How can this be? Look at all the problems married couples face today! Sometimes you might make each other so mad that you will wonder what you were thinking when you got married. You may find at some point that your desires and dreams seem to be at odds with the desires and dreams of the other person, and vice-versa. You will go through periods of silence, periods of quarreling, periods of anger, and periods of pain. These are the things that will make you question how your marriage could possibly mirror God’s purposes toward us. But in fact those are the very occasions in which you will have the opportunity to mirror God’s overwhelming love for each one of us. When God sent Christ to reconcile the world to Himself, we didn’t have much use for Him. We were His enemies, every last one of us a sinner, Paul tells us. And yet, Christ overcame our hatred of God by giving in on the cross to the very enemies whom He came to save.

When you are angry and argumentative, when you find it hard to see the good in each other, let the love of Christ compel you to look not at the faults and shortcomings of the other person, but at the new, sinless creatures that God in Christ has made both of you. And in your best, happiest times, you will show this world what the love of Christ for His Church, and the love of the Church for Christ, should look like. Chris, in your best moments, by the grace of God, you will show Sarah and those around you what true love and true sacrifice really look like, to the point of being willing to give your own life for her, as Christ did for the Church (Ephesians 5:25-31). Sarah, in your best moments, by the grace of God, you will show Chris and those around you what true love and true submission really look like, as the Church loves and submits to Christ (Ephesians 5:24). It is indeed a great mystery, as Paul tells us in Ephesians 5:32, but it is perhaps the grandest purpose that God had for marriage when He created it. It can be summed up like this: you are forgiven. Throughout your life together, walk in that forgiveness.

Here is both the burden and the joy of marriage. In bringing you together, God has not brought you together only for yourselves. All of these people gathered here as witnesses are evidence of that. What was not needed in the Garden of Eden and what will not be needed in the resurrection is so deeply needed in this sin-sick world: two people who are willing to show the world, lost in its fascination with adultery, extra-marital sex, pornography, and divorce, that there is a God who has something better in mind. There is a God who has given so deeply of Himself, that it cost Him His only-begotten Son. There is a God who became man in order that we might know how incredibly and unimaginably much He loves His creation, including you. In your most profound struggles as husband and wife, you will show the world by your forgiveness of one another that our stubborn sinfulness can never cause God to stop loving and being willing to forgive us. God will never divorce us. Never. In your happiest and most joyful times, you will show the world by your willing sacrifice and submission to each other, and to Christ above all, that God in Christ willingly submitted to humiliation on a cross and sacrificed Himself on our behalf. As you pray together, read the Word of God together, serve God’s people together, receive Christ’s Body and Blood together, and, God willing, bring children into this world together, God’s immense, never-ending love for you in Christ Jesus will make you, often in spite of yourselves, to be the image of that love that God intends. And, in God’s grace, you will continue to be that image until you both experience that glorious day of resurrection for which we all are waiting. There will be no divorce then. Christ the Bridegroom will permanently unite Himself with His Bride the Church, and nothing can put asunder what God has joined together.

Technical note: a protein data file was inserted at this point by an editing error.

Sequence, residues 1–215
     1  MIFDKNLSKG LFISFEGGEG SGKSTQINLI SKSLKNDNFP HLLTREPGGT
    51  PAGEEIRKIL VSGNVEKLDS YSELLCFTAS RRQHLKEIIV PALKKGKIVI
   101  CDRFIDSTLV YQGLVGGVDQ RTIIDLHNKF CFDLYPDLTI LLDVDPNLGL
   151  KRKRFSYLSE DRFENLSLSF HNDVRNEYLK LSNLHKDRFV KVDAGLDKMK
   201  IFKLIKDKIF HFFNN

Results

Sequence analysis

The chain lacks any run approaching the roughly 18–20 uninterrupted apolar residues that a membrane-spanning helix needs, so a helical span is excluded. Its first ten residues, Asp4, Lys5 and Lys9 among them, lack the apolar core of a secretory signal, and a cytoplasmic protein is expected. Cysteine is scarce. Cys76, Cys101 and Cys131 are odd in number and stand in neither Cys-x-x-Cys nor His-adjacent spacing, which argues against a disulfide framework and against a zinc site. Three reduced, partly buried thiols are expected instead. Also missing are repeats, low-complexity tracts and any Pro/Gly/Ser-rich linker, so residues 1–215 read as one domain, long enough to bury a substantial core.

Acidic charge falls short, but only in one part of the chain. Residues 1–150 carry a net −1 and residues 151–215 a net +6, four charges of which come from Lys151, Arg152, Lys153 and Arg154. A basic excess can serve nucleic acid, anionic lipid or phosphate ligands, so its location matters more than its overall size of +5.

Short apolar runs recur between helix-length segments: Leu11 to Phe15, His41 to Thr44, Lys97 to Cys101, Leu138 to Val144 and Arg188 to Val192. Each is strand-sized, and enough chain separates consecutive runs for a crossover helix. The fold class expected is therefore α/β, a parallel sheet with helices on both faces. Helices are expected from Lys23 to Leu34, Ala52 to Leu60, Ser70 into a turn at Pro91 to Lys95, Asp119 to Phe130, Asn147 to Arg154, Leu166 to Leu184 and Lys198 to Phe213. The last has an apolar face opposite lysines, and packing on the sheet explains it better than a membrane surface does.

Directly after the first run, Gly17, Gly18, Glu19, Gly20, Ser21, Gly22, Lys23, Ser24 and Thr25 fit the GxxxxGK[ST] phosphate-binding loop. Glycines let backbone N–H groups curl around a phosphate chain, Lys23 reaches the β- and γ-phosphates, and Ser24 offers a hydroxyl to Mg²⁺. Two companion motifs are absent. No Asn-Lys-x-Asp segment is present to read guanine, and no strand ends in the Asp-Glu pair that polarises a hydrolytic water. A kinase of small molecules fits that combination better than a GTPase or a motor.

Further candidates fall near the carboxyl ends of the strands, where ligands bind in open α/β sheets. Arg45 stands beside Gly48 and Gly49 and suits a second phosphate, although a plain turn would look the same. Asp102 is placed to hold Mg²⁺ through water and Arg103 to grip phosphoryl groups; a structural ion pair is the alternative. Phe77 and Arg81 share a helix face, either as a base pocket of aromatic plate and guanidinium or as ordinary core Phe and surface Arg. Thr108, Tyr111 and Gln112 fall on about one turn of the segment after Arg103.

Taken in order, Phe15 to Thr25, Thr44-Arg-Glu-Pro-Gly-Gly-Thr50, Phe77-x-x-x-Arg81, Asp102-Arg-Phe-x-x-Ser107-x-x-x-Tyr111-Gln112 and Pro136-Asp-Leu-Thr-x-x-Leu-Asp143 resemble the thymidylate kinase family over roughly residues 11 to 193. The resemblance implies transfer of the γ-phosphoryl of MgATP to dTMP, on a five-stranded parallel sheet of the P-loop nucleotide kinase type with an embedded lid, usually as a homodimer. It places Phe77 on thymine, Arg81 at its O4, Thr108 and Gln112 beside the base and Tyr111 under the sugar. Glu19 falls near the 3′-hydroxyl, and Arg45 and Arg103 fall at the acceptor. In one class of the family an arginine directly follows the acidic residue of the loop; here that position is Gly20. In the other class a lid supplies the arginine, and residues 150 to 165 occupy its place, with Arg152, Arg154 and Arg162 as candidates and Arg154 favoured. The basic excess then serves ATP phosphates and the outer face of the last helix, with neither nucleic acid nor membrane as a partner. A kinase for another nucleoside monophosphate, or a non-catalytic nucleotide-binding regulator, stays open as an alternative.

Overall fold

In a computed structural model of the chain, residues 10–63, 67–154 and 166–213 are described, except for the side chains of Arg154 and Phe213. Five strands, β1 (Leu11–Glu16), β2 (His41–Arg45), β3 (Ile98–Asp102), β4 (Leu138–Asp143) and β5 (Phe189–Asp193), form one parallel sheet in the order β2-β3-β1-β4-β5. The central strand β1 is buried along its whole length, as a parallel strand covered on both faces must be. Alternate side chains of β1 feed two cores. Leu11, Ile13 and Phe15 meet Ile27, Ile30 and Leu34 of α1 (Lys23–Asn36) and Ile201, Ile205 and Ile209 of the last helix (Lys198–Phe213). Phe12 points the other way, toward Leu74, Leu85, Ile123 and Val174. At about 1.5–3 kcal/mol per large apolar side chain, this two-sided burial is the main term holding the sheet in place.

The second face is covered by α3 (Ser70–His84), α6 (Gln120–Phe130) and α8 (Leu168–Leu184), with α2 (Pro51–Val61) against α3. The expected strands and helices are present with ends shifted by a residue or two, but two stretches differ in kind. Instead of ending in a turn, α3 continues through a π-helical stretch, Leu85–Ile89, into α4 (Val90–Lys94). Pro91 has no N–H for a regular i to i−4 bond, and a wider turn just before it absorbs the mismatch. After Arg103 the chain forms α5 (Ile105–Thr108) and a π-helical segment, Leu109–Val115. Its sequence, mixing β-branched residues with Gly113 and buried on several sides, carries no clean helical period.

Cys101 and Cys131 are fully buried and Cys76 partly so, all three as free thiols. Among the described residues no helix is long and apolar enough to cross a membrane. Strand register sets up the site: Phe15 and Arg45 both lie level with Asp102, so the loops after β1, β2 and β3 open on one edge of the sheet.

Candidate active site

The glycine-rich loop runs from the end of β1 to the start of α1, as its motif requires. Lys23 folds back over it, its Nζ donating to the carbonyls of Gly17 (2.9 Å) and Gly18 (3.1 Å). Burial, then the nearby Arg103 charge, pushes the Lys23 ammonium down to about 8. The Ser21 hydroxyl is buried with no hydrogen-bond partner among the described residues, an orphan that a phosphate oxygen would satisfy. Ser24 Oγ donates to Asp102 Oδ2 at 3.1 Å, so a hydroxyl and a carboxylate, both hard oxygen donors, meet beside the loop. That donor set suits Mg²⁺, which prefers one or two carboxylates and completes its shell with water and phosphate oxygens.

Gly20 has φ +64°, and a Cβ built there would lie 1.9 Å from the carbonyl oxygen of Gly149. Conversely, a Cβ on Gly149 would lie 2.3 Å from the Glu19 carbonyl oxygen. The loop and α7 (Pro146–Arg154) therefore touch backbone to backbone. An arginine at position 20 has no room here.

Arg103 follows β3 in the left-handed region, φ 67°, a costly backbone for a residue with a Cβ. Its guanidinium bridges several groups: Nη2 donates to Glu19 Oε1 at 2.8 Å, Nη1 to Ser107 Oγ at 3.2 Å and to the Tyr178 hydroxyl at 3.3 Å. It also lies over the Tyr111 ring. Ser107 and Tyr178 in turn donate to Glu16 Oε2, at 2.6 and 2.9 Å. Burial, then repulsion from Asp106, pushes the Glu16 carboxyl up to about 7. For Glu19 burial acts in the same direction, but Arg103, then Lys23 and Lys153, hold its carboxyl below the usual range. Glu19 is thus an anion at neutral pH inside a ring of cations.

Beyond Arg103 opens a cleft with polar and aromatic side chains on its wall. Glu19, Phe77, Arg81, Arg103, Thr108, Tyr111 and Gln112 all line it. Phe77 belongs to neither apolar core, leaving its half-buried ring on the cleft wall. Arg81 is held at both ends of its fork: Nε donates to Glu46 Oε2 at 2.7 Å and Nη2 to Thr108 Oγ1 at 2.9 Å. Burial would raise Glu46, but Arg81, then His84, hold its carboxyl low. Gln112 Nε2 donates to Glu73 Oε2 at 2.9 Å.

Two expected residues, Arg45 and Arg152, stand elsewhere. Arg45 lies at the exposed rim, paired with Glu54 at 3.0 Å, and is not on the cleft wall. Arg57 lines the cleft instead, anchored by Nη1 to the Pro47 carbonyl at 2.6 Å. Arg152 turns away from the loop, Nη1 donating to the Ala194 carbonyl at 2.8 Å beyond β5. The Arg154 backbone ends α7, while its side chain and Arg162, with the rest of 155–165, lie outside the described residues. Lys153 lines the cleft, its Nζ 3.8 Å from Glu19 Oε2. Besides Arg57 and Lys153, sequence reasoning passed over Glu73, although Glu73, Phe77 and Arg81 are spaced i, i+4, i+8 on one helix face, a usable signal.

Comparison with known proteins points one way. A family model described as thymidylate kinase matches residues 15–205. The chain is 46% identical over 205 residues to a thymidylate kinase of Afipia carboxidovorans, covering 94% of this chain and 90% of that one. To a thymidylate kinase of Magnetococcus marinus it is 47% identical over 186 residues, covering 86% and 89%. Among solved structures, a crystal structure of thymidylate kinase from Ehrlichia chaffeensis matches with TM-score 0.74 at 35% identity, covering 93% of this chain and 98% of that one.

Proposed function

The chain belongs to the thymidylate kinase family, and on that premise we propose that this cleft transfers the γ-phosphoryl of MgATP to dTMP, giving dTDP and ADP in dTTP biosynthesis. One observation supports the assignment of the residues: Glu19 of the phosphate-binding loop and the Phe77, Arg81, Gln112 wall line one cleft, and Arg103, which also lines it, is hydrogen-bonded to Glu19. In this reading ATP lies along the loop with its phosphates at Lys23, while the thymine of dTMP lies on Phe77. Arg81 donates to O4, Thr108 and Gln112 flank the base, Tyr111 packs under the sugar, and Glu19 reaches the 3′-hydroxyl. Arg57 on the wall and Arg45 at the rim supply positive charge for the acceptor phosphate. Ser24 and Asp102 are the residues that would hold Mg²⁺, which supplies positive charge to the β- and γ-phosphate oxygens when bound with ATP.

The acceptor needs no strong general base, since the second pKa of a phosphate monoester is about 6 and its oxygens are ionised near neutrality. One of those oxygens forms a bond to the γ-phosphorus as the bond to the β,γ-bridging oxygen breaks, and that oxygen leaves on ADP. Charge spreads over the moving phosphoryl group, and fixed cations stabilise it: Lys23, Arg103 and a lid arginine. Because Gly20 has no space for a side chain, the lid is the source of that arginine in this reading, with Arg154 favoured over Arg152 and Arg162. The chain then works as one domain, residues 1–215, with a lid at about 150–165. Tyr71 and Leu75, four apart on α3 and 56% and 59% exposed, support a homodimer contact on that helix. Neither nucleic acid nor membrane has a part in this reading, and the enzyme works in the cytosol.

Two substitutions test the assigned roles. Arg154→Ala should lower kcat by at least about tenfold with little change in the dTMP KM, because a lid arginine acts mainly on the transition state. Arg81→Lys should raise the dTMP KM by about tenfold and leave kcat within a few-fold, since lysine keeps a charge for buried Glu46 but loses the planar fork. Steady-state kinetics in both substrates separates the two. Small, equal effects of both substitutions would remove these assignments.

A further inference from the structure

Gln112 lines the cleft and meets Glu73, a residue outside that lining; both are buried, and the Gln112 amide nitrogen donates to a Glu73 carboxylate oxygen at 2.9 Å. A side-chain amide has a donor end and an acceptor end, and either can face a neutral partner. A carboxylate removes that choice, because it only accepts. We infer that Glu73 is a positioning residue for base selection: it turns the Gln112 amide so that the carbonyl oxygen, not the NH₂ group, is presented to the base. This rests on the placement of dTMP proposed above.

In the Name of the Father and of the Son and of the Holy Spirit. Amen.

–Pr. Timothy Winterstein, 9/12/07


5 responses to “Klawitter/Crotteau Wedding